So when we have those moments described above, our head often tells us, ‘No, you can’t do it.  Your mortgage is ‘fixed.’  Your car payment is ‘fixed.’  Your gym membership is ‘fixed.’ ”  Is it really?  What if you downsized?  What if you traded in your car for a lesser expensive one?  (Or much wiser, bought a lesser expensive one in the first place that you could’ve paid cash for.)  What if you didn’t pay to go out to eat for a month and instead spent quality time with your family grilling out burgers in the backyard?  What if you invited your neighbors over to do that once a week so they too could save on expenditures?  And what if you all decided together that you were instead going to ‘FIX’ your giving to the church so that more people could find their way back to God?

Just some thoughts… I am still thinking through this myself.  I have a little more leeway than most because I don’t have children, and I don’t have a mortgage.  But I do have expenditures that I have cut out of my life recently or significantly cut back on because I want my giving to be ‘fixed.’  The amount itself isn’t fixed each month, it is always above a tithe and increases with missional asks, but I am fixing it as the first thing I’m going to spend and all other things will fall in line behind it.  Sometimes it means I eat Ramen noodles all month if I hear a good baptism story and an opportunity to help more people find their way back to God.  Sometimes it means I don’t buy any clothes for six months because we’re trying to start a new campus or bridge a financial economic gap.  Sometimes it means a generous family I know hasn’t fixed the cabinets in their kitchen because we had a building expansion campaign and they wanted to see more families find their way back to God in their community.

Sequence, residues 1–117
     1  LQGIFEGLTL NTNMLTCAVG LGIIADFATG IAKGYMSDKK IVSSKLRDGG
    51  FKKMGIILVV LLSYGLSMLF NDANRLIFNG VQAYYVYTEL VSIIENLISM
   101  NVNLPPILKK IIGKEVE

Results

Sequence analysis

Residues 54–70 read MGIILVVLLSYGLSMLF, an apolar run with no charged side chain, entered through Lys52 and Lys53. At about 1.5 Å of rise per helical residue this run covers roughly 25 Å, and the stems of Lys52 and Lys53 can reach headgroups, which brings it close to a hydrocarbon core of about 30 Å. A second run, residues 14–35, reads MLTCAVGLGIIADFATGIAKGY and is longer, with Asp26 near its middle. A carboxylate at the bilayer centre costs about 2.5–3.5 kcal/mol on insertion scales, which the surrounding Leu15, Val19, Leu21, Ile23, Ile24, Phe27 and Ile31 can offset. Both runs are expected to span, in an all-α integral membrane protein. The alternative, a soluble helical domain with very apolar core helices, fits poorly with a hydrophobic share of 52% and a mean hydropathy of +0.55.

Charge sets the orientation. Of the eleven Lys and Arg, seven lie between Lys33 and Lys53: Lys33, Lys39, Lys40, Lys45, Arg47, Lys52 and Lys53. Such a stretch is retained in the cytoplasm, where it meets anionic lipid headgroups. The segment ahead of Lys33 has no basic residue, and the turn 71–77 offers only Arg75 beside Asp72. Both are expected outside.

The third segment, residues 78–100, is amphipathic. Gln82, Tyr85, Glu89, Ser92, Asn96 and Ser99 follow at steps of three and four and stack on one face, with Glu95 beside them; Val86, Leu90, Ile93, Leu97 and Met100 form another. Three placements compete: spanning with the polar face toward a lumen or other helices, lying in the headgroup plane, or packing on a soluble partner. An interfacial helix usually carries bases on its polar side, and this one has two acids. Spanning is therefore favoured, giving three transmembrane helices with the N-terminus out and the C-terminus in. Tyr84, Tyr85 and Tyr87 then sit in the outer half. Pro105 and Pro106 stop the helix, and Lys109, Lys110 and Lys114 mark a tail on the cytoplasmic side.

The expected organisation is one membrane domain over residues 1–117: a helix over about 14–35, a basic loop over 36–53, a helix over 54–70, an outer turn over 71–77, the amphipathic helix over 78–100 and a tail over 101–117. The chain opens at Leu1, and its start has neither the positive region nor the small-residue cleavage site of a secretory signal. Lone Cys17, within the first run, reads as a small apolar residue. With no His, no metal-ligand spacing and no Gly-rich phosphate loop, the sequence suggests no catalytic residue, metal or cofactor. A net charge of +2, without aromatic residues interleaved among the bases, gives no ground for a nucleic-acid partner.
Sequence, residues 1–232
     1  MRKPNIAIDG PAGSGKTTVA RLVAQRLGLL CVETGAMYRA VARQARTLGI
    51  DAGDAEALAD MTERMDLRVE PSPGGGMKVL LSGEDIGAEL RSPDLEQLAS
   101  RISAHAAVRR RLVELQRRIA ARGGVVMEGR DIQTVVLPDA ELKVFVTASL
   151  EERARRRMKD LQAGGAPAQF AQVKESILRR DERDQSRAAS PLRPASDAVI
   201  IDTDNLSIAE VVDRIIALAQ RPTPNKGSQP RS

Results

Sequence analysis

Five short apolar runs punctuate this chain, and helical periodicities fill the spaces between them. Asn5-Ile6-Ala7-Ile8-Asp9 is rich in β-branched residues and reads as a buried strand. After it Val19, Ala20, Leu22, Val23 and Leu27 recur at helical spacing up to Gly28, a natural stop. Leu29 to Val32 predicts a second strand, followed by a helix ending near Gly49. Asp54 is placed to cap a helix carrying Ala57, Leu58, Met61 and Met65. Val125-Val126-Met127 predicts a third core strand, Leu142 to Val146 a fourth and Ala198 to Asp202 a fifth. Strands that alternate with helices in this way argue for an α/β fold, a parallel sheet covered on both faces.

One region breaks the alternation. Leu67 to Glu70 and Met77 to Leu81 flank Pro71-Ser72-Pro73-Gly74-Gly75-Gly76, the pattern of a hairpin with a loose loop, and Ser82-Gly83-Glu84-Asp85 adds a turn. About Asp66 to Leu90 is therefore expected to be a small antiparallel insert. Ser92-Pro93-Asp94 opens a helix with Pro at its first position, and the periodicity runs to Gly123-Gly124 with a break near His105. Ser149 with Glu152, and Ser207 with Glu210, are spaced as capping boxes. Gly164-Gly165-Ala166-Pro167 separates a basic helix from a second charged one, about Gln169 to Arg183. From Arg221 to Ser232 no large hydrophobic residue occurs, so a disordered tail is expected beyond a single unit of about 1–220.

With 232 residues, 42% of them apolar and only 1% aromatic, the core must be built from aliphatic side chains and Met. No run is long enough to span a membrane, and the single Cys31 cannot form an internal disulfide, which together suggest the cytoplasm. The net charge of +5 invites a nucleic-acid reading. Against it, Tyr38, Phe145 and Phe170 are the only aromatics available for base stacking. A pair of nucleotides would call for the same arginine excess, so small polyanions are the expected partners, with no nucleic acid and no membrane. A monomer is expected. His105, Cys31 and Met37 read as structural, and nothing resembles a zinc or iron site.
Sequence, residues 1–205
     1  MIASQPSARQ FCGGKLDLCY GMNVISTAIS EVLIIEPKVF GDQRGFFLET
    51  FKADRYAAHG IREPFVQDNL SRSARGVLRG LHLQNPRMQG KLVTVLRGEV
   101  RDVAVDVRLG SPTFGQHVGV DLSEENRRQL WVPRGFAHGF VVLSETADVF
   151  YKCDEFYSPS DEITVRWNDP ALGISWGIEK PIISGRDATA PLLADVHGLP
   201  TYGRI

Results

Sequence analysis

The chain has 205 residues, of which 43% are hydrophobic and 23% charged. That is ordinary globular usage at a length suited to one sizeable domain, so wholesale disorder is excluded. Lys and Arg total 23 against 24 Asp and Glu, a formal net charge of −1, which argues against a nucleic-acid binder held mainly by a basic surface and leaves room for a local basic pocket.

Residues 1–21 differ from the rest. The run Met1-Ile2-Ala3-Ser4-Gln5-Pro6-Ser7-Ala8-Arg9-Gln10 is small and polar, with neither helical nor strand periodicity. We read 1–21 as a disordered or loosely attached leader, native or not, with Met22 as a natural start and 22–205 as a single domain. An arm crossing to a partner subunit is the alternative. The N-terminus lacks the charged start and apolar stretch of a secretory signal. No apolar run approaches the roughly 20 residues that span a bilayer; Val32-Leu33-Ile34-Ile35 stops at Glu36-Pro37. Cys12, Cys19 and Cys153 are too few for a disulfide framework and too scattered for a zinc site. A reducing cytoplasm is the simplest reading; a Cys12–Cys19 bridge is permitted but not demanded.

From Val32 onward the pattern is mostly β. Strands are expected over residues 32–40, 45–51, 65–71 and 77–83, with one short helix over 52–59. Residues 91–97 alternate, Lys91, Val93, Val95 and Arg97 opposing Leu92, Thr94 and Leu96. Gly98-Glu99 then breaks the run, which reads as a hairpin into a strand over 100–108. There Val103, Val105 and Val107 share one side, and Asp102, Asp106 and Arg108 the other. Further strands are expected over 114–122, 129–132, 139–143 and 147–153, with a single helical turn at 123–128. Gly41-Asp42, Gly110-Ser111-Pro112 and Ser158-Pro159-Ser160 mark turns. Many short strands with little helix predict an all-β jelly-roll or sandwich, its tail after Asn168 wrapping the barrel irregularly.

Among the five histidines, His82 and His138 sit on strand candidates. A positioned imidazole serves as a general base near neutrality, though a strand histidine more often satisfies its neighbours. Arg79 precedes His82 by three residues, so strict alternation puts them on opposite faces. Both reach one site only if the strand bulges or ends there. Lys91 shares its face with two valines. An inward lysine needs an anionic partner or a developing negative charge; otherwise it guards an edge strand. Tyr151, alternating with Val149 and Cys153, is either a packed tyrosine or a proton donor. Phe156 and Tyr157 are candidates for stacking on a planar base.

Like I said, I’m still thinking through this ‘Who gets paid first?’ question.  But it has really got me and has shifted my thinking upside down.  I realize the things I downsize on are not as large as the potential possibilities for those of you who are homeowners out there.  Downsizing a mortgage and downsizing vehicles are big decisions that take time and care.

But what if….?

7 Responses to “Reallocate: Who gets paid first?”

Kirsten Says:
June 23rd, 2008 at 9:22 pm